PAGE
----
In this article, we will demonstrate how to use the graphing feature in the Windows calculator to try and make mathematics more fun. Microsoft has always thrived to kick up a notch the Windows features it offers. Be it in the form of updates to debug various errors or enrolling new features, they are always looking to improve and design their product to meet the needs of their customers better.
They have done a similar thing with their built-in Calculator. A Graphing feature, which initially was enrolled in an insider preview and later became generally available for all, provides a clean and interactive experience to allow people to visualize equations and help them learn more about subjects like linear Algebra.
How to use Graphing Calculator in Windows 11/10
To open the calculator, you simply have to search for the word ‘Calculator’ in the start menu search box and open the first app that shows up. By default, you will first view the standard calculator used for math problems we face in our daily life. Click on the menu from the top-left corner of the screen and select ‘Graphing.’
You will then see a two-dimensional plotting surface where you can input equations and find out what their resultant graphs look like. The option to input an equation is at the top-right corner of the calculator window.
As you can see from the picture above, you can compute both linear and quadratic equations in the calculator. This calculator allows you to plot multiple equations on a single graph, which can help in linear programming. All the equations are color-coded, so it is easy to distinguish them from one another.
Next to each equation are three options; the first one, Analyze, gives you the characteristic properties of the expressions, like their maxima, minima, domain, inflection points, etc.
Read: How to use Windows Calculator to perform Date Calculations.
The second option allows you to customize how an equation is depicted on the graph. In cases where you want to compare two equations, you might want one to them to be a striped or dotted line/curve. This can help you do that. You can also change the color of the equation using this option. The last one is to discard an equation from the graph.
Mathematics on this graph isn’t limited to algebraic expressions. You can also plot graphs for trigonometric equations (equations that use sine, cosine, and tan, etc.), establish graphs for linear and quadratic inequalities, and even plot graphs for various kinds of functions like modulus, absolute values, and the greatest integer function.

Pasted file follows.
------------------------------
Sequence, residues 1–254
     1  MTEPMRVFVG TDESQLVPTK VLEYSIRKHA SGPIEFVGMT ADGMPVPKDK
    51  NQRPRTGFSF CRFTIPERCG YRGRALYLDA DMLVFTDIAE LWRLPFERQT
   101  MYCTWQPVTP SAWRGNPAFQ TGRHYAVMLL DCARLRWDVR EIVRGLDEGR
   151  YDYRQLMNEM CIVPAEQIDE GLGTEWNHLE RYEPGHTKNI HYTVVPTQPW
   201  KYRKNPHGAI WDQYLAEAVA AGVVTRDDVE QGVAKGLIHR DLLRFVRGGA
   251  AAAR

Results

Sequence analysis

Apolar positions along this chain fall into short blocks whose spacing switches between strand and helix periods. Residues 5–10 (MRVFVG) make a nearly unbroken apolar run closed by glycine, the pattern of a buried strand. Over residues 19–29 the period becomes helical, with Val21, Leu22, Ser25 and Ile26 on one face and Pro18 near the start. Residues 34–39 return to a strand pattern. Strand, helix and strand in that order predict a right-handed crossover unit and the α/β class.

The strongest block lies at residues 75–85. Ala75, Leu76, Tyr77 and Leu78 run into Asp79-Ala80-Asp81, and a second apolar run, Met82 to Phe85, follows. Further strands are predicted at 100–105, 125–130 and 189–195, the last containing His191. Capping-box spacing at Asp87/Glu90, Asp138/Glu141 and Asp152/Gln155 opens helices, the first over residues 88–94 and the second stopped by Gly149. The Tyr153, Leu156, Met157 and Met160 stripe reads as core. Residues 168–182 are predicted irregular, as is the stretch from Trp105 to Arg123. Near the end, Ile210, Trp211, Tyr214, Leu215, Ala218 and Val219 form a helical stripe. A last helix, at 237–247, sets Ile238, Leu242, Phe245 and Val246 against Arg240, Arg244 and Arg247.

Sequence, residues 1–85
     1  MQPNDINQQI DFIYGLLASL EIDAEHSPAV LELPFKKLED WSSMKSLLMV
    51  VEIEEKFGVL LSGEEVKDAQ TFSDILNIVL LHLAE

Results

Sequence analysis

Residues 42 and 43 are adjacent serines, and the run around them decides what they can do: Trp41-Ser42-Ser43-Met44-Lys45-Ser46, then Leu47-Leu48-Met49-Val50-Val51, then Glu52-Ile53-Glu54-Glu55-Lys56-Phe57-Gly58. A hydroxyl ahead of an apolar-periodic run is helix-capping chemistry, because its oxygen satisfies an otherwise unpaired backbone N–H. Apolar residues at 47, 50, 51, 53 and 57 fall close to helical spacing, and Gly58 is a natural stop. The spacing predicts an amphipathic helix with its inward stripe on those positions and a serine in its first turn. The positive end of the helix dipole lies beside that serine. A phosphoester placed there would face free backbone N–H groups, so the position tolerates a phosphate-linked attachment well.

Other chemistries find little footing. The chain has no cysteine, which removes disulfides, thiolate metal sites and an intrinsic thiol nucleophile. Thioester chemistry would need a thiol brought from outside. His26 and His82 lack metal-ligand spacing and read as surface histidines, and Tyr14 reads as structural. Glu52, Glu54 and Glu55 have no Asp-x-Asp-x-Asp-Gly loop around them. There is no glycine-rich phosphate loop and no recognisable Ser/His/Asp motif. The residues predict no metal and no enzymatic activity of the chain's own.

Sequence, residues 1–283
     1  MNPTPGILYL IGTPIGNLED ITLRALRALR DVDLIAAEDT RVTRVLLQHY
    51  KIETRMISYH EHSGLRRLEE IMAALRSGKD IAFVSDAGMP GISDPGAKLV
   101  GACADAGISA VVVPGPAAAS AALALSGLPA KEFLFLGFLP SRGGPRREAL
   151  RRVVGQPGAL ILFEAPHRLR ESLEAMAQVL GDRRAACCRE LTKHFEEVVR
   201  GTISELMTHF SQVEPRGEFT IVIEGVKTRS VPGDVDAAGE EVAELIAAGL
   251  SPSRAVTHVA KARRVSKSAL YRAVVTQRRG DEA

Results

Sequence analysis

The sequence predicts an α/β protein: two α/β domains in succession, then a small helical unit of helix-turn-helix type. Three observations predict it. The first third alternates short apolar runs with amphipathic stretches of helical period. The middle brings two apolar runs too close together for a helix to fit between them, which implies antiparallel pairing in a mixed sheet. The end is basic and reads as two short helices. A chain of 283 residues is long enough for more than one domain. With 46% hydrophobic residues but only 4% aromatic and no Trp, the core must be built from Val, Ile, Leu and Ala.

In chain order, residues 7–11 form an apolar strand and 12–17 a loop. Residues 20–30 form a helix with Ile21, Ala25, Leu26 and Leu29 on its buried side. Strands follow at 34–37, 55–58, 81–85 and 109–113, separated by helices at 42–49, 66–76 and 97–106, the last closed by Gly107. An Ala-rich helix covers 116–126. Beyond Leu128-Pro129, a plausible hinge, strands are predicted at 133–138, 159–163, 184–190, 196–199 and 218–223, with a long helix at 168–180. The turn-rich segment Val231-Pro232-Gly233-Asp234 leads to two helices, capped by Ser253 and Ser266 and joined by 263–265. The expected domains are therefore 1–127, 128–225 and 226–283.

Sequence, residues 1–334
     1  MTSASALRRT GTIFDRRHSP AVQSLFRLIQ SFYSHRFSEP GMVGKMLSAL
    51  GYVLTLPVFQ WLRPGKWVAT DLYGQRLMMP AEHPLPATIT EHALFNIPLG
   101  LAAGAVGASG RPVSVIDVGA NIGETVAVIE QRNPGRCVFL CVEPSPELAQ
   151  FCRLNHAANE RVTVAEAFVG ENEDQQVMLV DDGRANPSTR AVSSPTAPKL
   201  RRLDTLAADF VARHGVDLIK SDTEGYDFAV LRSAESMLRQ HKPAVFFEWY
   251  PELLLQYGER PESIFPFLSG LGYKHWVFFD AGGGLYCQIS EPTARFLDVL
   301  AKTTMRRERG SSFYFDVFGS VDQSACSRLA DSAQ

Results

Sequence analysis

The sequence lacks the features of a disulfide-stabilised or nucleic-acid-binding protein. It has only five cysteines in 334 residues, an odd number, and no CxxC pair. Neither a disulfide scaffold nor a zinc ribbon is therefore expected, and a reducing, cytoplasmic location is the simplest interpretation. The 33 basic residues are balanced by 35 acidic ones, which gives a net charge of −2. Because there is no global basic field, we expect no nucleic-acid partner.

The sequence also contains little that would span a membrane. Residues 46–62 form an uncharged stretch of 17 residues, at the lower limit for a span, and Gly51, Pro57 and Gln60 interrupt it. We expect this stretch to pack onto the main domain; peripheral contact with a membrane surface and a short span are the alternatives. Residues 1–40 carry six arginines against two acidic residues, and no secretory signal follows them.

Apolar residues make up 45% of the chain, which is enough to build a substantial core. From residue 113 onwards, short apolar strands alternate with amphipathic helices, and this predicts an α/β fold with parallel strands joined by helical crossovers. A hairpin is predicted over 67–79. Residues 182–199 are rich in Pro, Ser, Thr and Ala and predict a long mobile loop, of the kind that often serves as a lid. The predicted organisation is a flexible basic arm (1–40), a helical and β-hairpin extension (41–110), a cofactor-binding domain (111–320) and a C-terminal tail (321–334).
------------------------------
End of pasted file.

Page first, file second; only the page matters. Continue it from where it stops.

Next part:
Among the maze of buttons that are used to input numbers and variables is also Euler’s number ‘e’ and also the natural log (ln) function, so you can make graphs for exponential and logarithmic equations too.
The natural log button is among the first group of buttons that show, but if you want to graph ‘e’ functions, you will get access to it by pressing the ‘2nd’ button, which opens the second group of available buttons on the calculator.
One of the most interactive features I found in the graphing calculator was the real-time analysis of a multivariable relation. Users can plot equations that involve a variable very easily on this graphing calculator by simply typing out the expression of the equation in the empty box.
Suppose you input an equation like y=mx+c (slope of a line). The result would be a straight line with an option for you to change their values while observing the change in the graph in real-time. For example, in the equation y=mx+c, you can change the value of m, which is the slope of the line, and watch the graph pivot around the y-intercept.
Similarly, you can change the value of c, which is the y-intercept observe the parallel movements in the graph.
I have given you a simple example here for demonstration, but it works just as well with more complex equations too.
It is also very easy to trace the coordinates on any graph drawn here. All you have to do is hover your mouse over the point of the coordinates in which you’re interested, and they will be displayed.
On the graph space, to the right of the graph are the graph options. These options help you adjust the graph window, i.e., the maximum number of units on the x and y-axis. The thickness of the graph can be adjusted from here too.
If you are looking to plot trigonometric relations, you can also change the units from degree to radians or gradians.
You can also share graphs with the contacts synced with your Microsoft account, a feature that I believe can come in handy for people who make use of linear algebra frequently.
In conclusion, I would like to say that the graphing calculator in Windows 10 is a very useful feature for people who want to learn about linear algebra or extensively use mathematical graphs for professional purposes.
If you have no use for it, you can always turn off Graphing in Calculator.